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The One Thing You Need to Stop Doing at Networking Events

April 13, 2016, 2:00 AM UTC
Businessman covering eyes with hand in disbelief
Photograph by Frederic Cirou — Alto via Getty Images

The Entrepreneur Insiders network is an online community where the most thoughtful and influential people in America’s startup scene contribute answers to timely questions about entrepreneurship and careers. Today’s answer to the question “What’s the best way to make fruitful connections?” is written by David Slayden, executive director of BDW.

There is tremendous value in having connections. And I do appreciate how fortunate I am to have an exceptional network of people to call on when I have questions, need insight, or want to make things happen. And though I’m no longer surprised when people remark that I “know everybody,” usually in the context of my role as executive director of BDW, I’m never sure how to react to it. After all, I’m an introvert—someone who cultivates quiet and solitude and thinks a good day out is five hours alone on a bike in the mountains.

So how did I get to know everybody?

In my experience—and probably yours—a typical networking event takes place in a large, noisy venue—with a bar, of course—and is full of people talking loud and fast, exchanging cards, and then moving along quickly to the next conversation. In such an environment, quantity seems destined to trump quality. It’s admittedly not a great scene, but is more often than not “the scene,” and will continue.

So how can you work with this scene rather than getting worked by it? Find out what doesn’t work for you and stop doing it. It’s about becoming and remaining genuine, which can be tough because it makes us feel vulnerable. Becoming genuine is an ongoing practice built on recognizing and ceasing to practice behaviors that are unproductive for you and your business. It’s a simple practice, but not an easy one.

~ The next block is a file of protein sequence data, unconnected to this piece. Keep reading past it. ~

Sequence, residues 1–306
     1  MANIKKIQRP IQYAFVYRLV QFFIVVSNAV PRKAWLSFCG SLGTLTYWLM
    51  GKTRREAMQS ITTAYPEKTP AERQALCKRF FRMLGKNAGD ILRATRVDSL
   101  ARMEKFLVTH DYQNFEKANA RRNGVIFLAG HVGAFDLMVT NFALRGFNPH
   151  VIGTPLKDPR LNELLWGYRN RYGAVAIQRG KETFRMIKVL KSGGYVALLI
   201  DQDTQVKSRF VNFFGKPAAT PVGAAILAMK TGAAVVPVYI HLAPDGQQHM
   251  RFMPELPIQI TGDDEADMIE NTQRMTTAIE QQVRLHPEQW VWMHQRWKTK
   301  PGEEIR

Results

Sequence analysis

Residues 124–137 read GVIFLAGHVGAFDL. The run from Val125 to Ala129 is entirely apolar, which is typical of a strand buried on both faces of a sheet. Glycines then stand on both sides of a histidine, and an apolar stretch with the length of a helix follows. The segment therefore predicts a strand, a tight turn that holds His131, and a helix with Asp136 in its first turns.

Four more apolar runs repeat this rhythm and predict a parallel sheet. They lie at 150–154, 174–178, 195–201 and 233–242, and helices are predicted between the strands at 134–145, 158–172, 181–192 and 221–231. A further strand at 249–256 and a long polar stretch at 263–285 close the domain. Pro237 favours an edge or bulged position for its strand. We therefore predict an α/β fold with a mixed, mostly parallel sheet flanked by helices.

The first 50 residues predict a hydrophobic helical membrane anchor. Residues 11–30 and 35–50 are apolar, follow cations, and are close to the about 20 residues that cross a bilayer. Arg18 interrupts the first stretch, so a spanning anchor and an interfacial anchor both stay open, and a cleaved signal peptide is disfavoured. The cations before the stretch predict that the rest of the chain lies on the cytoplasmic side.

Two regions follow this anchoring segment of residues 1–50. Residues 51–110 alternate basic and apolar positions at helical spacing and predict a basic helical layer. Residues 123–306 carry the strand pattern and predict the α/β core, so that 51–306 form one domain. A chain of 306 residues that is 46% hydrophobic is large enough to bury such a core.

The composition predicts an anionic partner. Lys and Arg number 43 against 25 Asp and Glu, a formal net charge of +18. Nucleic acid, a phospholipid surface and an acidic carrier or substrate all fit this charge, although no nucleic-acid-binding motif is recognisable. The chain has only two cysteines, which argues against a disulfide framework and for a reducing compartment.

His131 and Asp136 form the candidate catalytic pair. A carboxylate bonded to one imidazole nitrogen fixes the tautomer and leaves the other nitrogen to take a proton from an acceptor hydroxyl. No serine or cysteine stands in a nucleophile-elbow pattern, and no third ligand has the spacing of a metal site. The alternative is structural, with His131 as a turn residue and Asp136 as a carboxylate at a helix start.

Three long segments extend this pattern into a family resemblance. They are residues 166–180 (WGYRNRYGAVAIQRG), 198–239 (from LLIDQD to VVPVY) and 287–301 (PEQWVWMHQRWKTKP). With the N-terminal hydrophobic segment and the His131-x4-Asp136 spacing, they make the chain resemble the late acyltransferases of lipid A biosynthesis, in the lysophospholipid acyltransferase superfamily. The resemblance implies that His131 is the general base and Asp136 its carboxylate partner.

See also: The Hardest Part of Networking

Here’s a brief field guide of what not to do and how to feel better about yourself in the process:

Don’t talk when you can listen
This will probably feel counter-intuitive at first, particularly because of the widely accepted concept that networking is about putting ourselves out there. Listening is essentially a pull strategy, and learning to ask questions and cultivate an attitude of interest in the person you’re talking to will make you live in their memory much more effectively than talking about yourself.

Don’t try to control the conversation
Put away all of your talking points and stock phrases. Let the conversation go where it naturally goes rather than contriving ways to bring it back to that key point you intended to make. That key point out of context will deservedly come off as irrelevant (because it is) and out of nowhere. You can also adopt a personal rule to stick to answering questions rather than delivering monologues.

Stop selling
All successful businesspeople are good at sales. They (and you) can smell a canned pitch a mile away. So don’t do it. This doesn’t mean that you can’t talk about your business to people, which would likely come off as false self-modesty. But when you do talk about your business, talk like a human who is talking to another human—and not a customer. It’s a good opportunity to express the heart and soul of your business, and that “why” is the emotional truth that will be remembered.


Don’t complain
This is not an admonition to lock into a mindset of eternal sunshine, but a reminder to understand and remember that nobody likes a whiner. Whining is essentially a practice of blaming others or conditions for our failures. Be realistic but not fatalistic. Everyone in business understands that business can be hard, of course, but it’s one thing to acknowledge this truth and work with it and quite another to complain about it.

Don’t kiss ass
We’ve all done this, and I think that most of us can agree that it doesn’t work for either party. It makes us feel funky and tells the other person that we are fundamentally insincere.

Networking is fundamentally about establishing and developing lasting functional relationships. It will pay you to remember that all good relationships are based in being and remaining genuine.